Submitted to: Journal Of The American Dietetic Association
Publication Type: Abstract Only
Publication Acceptance Date: 7/1/2004
Publication Date: 8/1/2004
Citation: Patrick, H., Nicklas, T., Hughes, S.O. 2004. The differential effects of authoritative and authoritarian feeding styles on eating behaviors [abstract]. Journal of The American Dietetic Association. 104(Suppl 2):A-61. Interpretive Summary:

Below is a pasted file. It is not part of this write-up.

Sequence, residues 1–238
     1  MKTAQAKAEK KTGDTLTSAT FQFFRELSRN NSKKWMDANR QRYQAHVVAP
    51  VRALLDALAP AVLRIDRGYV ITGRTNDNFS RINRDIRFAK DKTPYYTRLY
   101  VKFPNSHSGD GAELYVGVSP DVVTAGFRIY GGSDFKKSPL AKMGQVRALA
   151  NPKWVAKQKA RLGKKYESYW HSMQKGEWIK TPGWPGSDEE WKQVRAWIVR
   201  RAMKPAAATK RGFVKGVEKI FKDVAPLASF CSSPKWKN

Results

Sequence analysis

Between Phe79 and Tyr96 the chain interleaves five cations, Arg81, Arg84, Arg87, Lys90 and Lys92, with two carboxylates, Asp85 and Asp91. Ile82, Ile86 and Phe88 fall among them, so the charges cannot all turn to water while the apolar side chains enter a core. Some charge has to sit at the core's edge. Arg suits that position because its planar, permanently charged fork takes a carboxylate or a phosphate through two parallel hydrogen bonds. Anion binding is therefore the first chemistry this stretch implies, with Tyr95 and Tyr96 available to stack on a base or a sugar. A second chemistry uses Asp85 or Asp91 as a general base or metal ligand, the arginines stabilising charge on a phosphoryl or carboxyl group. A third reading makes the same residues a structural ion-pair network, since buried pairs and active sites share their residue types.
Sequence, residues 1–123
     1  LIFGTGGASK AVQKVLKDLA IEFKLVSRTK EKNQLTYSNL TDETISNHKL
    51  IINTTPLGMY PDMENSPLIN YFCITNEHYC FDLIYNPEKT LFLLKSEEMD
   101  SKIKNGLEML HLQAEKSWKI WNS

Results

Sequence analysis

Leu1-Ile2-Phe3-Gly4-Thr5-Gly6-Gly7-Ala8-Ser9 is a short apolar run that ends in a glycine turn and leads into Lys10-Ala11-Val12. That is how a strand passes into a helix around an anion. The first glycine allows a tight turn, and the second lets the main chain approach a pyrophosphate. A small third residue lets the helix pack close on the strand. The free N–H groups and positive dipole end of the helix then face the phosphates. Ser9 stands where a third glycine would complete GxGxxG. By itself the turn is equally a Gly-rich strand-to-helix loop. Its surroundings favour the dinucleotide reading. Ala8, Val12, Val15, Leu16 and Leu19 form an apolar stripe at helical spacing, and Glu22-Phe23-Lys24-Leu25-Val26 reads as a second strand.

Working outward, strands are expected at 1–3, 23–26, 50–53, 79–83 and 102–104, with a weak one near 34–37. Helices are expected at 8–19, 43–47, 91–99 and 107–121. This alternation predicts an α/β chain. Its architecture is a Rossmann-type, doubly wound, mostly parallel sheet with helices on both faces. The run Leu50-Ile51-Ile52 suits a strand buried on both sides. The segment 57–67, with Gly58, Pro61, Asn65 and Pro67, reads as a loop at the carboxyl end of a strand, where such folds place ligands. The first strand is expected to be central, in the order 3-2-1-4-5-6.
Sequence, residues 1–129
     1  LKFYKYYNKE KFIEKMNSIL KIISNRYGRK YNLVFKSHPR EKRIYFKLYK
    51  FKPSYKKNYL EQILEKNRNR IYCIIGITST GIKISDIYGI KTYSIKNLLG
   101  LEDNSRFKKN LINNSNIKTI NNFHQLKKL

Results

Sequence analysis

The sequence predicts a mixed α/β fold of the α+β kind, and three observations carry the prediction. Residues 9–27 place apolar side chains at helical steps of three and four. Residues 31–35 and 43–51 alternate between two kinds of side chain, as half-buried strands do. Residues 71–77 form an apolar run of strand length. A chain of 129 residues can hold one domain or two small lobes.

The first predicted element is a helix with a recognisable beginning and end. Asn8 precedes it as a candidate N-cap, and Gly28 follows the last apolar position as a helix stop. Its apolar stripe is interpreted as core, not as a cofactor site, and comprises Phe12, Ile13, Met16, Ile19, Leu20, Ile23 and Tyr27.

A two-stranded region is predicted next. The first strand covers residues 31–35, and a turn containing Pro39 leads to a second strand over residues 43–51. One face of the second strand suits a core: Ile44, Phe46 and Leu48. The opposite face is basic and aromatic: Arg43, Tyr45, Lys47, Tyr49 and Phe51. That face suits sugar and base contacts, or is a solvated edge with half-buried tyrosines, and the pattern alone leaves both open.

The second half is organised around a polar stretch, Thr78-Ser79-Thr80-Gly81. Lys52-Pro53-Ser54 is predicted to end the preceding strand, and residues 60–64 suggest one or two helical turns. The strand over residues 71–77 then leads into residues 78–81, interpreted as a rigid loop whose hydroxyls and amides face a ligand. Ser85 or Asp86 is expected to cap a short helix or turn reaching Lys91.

Technical Abstract: Caregiver feeding styles (CFS) represent approaches to maintaining or modifying children's eating behaviors. Authoritarian feeding involves attempts to control children's eating with little regard for their choices and preferences. In contrast, authoritative feeding involves a balance whereby parents determine which foods are offered and children determine which foods are eaten. The current research tested the associations between CFS and children's eating behaviors among African-American (AA) and Hispanic (H) caregivers and their preschool children. Participants were 231 caregivers (101 AA; 130 H) with children enrolled in Head Start. Caregivers completed the CFS Questionnaire and questions pertaining to food availability, encouragement to eat (ETE), and child's intake. Simultaneous multiple regression analyses tested the unique contribution of each feeding style in predicting eating behaviors controlling for potential confounding variables such as child's gender and BMI, and caregiver's ethnicity and BMI. Authoritative feeding was positively associated with availability of fruit and vegetables and with ETE dairy, fruit, and vegetables. Additionally, authoritative feeding was positively associated with children's intake of dairy and vegetables. Authoritarian feeding was negatively associated with availability of vegetables, and children's consumption of vegetables. Overall, results provide evidence for the benefits of authoritative feeding and suggest that interventions to increase children's consumption of dairy, fruit, and vegetables should be targeted toward increasing caregivers' authoritative feeding behaviors.